If you’ve finished your active treatment for breast cancer, I can almost guarantee you had a very strange reaction when you walked out of that radiation room or infusion suite for the last time. Instead of feeling unmitigated relief, I’m betting you were a little bit scared–right?
You thought to yourself, “What, that’s it, they’re just sending me home? But… Who’s going to take care of me now?” Then, guilt kicking in, you told yourself to shape up and get on with your life. And you walked out into your brave new post-cancer world accompanied by a secret little fear, deep inside, that after all these months the medical community was done with you, and you were ON YOUR OWN–yikes!
For years, oncologists and cancer researchers have concentrated on improving active medical care. Which makes sense; first, you have to save the patient. Now, however, there’s a growing movement to ensure that cancer survivors continue to receive treatment, after surgery and radiation and chemo, that’s as careful and personalized as what they received in the months following their diagnosis.
According to “A Post-Treatment Prescription,” an article in the “2007 Cancer Resource Guide,” published by Cure magazine in conjunction with the American Cancer Society, there are now 10 million cancer survivors in the United States, about 2.4 million of whom are breast cancer survivors.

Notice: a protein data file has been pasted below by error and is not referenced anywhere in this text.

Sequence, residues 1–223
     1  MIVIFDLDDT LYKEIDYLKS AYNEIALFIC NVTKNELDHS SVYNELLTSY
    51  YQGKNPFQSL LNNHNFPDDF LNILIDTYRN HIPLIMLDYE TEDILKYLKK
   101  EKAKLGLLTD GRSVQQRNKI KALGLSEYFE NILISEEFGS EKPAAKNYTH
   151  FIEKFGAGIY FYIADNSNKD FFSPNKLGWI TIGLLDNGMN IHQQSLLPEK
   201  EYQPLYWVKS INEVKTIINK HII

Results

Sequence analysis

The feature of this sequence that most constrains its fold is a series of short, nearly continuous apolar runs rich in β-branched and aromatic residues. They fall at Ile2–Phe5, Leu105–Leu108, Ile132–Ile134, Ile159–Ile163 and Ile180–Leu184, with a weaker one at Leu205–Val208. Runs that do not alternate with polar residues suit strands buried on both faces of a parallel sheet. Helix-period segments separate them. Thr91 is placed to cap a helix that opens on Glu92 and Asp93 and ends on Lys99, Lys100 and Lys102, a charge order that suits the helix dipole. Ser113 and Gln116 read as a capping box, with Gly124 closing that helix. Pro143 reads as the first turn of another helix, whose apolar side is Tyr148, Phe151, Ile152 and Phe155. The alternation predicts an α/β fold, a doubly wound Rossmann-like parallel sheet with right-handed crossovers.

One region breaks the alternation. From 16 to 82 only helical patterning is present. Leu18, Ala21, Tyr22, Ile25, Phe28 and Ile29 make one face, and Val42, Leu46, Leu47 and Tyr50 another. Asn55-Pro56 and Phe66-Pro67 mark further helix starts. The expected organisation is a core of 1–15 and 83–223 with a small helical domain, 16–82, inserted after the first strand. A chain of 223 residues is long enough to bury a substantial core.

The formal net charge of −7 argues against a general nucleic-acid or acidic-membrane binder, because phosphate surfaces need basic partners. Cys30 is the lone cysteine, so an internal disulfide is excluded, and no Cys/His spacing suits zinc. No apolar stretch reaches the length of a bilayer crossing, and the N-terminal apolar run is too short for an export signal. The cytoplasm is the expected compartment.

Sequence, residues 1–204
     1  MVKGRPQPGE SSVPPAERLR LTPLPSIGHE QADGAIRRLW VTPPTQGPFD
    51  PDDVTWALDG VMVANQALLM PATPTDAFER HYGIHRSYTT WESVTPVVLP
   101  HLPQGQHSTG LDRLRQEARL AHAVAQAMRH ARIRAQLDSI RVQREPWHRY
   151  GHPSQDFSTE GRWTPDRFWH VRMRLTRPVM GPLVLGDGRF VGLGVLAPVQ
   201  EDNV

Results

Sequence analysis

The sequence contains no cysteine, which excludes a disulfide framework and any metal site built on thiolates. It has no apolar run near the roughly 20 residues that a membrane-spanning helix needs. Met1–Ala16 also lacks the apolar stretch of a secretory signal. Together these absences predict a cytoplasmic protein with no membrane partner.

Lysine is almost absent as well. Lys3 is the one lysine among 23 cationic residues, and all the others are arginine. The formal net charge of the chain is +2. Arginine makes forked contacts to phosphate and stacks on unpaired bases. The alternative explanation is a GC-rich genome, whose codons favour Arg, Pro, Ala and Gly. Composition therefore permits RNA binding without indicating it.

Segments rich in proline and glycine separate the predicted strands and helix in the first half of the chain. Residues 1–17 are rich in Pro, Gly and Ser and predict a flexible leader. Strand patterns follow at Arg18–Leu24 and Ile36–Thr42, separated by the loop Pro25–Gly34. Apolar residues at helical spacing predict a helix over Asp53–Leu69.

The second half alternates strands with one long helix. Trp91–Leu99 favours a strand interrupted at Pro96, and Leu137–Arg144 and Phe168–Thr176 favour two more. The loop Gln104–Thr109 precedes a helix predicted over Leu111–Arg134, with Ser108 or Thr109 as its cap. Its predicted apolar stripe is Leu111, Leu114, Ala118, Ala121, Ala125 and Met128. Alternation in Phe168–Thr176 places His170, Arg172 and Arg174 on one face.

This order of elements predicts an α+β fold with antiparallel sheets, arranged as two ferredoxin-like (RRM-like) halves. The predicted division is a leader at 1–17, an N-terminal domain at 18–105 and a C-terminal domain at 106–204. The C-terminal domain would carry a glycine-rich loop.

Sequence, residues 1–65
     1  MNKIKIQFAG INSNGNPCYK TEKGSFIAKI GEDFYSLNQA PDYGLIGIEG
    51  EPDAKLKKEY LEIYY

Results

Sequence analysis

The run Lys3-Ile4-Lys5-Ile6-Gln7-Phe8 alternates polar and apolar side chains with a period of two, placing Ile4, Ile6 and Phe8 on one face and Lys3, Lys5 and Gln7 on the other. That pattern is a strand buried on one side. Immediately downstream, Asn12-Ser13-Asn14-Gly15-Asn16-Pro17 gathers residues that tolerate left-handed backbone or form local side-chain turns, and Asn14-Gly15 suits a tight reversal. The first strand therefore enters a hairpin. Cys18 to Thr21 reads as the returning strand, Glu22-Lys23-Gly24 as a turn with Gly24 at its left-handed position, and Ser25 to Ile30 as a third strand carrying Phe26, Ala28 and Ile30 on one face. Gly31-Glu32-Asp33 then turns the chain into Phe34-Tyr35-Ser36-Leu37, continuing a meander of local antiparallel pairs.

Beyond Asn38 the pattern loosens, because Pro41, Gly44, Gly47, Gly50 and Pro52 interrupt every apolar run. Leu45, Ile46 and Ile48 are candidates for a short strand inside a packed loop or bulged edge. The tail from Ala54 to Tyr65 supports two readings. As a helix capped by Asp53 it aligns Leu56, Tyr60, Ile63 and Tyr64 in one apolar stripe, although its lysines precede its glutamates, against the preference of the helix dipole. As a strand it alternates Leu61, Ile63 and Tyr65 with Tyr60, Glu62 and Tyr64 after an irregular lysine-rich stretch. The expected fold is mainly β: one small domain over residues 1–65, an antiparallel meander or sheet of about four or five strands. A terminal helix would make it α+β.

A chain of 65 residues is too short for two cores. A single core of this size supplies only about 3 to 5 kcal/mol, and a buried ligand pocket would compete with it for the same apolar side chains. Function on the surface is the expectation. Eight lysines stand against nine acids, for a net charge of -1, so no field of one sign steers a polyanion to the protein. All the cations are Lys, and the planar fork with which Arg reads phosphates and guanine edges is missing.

“Experts suggest that [cancer survivorship] may soon become its own medical specialty, like podiatry or geriatrics,” notes the article’s author, Curtis Pesmen. And in my book, that day can’t come too soon.
Personally, the five years since I finished breast cancer treatment have been… well, confusing. At first, I saw my oncologist and my surgeon every six months, on a staggered schedule, so I was seeing one or the other every 3 months. Soon enough, though, due to scheduling issues, that schedule wasn’t so staggered, and it was more like seeing both the oncologist AND the surgeon within weeks of one another, every six months–an unnecessary redundancy of time and effort on all our parts.
Like many companies these days, the business I work for frantically jumps from one insurance carrier to another every year, in an attempt to find the best health insurance for the lowest prices. In addition, the teaching hospital at which I receive care seems to have a rotating staff of interns and doctors who take turns being primary care physicians (PCPs), often leaving precipitously for a new job or different specialty. Between that and each insurance company’s list of approved PCPs, I almost never see the same primary care doctor twice. So each time I go in for a yearly physical, I’m meeting a new doctor–one who knows nothing about my medical history.
One doctor was surprised when I told her I’d had cancer, despite the 6”-thick stack of records she held in her hands. Another insisted I didn’t need a certain test, while my oncologist said I did; they ended up duking it out behind the scenes. The point is, me, my PCP, and my medical records are never on the same page.